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Chinese PV Manufacturers Refocus On Africa

Chinese photovoltaic (PV) manufacturers are having a hard time in Europe at the moment, facing looming anti-dumping duties set to thoroughly restrict their ability to expand their presence on the continent. Subsequently, according to China’s information service, Xinhuanet, Chinese PV panel manufacturers are looking to expand into Africa.

Their first stop will be one of the biggest solar power stations on the continent in Garissa, Kenya. Chinese solar panel makers are set to supply the majority of the $140 million needed to build the power station, according to state-owned China Jiangxi Corporation for International Economic and Technical Cooperation, the deal’s coordinator. The move will give Chinese manufacturers a base of operation to expand their presence across Africa.

The EU investigation into Chinese solar products has been covered ad-infinitum. The fundamentals, however, are that the EU is set to impose anti-dumping tariffs on imported polysilicon in an effort to curb the sheer number of Chinese imports. 21 billion euros worth of solar panels were exported from China into the EU in 2011, which makes this particular anti-dumping investigation the largest the EU has ever handled. And a recent report published by research group IHS has found that the tariffs will result in a drop of over 1.3 GW of solar power installations in the EU this year.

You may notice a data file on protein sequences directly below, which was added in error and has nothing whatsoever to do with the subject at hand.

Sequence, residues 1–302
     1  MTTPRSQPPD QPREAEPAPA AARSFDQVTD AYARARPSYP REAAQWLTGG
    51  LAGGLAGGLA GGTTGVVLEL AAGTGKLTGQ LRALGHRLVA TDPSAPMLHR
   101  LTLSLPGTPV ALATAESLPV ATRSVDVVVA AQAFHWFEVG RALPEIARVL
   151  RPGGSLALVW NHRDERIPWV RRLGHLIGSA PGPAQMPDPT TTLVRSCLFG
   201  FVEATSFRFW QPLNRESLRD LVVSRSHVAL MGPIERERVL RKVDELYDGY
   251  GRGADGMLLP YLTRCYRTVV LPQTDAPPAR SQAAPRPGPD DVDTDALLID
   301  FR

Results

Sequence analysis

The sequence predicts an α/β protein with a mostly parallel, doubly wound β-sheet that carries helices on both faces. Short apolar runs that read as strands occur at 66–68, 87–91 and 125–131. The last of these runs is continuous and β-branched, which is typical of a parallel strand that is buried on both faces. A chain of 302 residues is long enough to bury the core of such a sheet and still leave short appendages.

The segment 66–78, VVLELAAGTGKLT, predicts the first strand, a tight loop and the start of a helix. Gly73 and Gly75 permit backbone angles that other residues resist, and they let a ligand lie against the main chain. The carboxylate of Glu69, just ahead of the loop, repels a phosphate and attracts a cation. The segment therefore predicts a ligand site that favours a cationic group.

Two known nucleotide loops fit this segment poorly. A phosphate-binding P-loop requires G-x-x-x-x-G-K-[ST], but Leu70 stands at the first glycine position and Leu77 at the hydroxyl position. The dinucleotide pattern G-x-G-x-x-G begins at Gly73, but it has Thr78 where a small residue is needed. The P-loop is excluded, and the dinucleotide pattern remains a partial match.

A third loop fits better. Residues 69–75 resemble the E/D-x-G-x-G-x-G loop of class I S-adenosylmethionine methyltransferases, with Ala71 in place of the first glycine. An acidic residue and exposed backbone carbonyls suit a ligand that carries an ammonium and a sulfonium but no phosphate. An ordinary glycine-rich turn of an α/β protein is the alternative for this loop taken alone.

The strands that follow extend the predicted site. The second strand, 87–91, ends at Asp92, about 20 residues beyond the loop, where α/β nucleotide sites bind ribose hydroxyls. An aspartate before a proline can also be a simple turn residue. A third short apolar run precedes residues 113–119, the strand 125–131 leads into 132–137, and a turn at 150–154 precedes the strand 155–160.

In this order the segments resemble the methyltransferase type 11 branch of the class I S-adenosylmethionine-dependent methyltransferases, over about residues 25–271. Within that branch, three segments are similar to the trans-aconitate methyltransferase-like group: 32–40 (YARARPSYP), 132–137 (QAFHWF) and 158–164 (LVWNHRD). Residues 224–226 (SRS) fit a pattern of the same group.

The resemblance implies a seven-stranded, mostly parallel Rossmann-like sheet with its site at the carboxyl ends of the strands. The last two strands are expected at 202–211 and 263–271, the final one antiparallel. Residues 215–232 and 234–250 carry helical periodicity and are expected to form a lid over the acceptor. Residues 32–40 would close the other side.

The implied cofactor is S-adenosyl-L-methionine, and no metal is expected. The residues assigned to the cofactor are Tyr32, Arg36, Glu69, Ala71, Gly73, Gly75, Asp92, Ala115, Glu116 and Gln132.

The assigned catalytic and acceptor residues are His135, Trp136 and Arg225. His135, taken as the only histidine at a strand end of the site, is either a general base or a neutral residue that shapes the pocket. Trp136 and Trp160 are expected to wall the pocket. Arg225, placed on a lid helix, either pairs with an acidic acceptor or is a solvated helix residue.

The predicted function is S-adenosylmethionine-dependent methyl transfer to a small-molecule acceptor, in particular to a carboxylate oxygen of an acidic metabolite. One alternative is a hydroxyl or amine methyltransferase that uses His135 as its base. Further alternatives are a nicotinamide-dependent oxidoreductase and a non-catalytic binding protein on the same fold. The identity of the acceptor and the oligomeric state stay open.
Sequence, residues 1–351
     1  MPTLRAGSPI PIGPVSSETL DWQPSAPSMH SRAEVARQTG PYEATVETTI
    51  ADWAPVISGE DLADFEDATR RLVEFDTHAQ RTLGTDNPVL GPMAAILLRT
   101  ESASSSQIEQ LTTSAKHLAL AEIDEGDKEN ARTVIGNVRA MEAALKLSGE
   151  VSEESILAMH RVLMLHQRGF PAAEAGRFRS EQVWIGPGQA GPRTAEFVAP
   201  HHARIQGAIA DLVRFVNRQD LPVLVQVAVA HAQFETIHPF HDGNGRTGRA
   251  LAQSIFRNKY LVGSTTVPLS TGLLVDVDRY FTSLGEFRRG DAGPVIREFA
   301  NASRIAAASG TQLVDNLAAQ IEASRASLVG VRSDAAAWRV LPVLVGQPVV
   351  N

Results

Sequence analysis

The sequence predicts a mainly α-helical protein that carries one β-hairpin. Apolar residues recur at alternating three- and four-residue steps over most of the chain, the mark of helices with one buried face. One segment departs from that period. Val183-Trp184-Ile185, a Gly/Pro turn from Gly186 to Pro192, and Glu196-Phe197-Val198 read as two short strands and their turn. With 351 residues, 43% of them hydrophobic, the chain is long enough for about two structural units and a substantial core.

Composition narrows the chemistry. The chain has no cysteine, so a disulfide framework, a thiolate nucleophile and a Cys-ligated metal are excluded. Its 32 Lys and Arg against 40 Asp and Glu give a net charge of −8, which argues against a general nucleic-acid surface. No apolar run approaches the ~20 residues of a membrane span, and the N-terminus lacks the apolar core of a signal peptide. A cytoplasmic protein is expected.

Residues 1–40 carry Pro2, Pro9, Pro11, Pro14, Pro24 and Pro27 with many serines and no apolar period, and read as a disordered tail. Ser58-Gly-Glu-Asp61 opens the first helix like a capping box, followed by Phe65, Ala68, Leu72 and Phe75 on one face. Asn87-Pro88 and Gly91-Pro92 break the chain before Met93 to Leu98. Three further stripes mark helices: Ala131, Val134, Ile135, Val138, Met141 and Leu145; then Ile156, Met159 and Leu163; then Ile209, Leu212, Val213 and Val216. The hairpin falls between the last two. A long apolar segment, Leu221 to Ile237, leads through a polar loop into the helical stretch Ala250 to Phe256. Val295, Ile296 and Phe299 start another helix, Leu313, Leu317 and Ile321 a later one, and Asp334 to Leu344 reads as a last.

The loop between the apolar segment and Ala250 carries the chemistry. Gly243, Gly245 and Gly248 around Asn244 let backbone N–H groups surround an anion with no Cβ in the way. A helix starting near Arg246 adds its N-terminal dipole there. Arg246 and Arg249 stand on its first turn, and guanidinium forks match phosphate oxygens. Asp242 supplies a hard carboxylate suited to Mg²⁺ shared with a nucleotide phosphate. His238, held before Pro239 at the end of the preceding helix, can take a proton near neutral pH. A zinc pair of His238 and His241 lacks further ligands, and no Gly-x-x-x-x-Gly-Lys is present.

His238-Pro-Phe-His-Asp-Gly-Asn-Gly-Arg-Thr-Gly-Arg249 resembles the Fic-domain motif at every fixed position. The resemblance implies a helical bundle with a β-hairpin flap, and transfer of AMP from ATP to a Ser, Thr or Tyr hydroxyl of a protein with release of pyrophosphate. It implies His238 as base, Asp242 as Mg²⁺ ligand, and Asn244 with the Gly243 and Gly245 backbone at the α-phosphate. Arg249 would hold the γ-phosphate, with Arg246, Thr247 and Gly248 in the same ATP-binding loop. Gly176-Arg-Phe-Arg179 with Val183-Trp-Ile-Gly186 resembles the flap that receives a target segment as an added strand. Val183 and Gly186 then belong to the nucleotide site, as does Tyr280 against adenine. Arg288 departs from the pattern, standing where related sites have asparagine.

The tariffs were introduced on June 4 and entail a phased introduction of punitive anti-dumping tariffs on Chinese PV imports set to curtail the country’s expansion into Europe. The move was opposed by many EU member states, not to mention a great majority of the European PV industry.

The European Commission’s decision left a 11.8% tariff on all Chinese solar products which, according to Xinhuanet, will leave Chinese solar companies “mired in debt and overcapacity” forcing them to “find alternative markets.”

Given the numerous walls in China’s continued expansion into the EU, it makes sense that they will divert their attention elsewhere.

This only comes at Africa’s benefit, thankfully, where renewable energy infrastructure is only beginning to become a priority, and where renewable energy has the greatest opportunity to increase the quality of life for the over 1 billion people who call Africa home.

The EU’s decision to impose such heavy-handed tariffs on Chinese imports will surely prove to be a boon for Africa’s burgeoning renewables industry.

 
 
 
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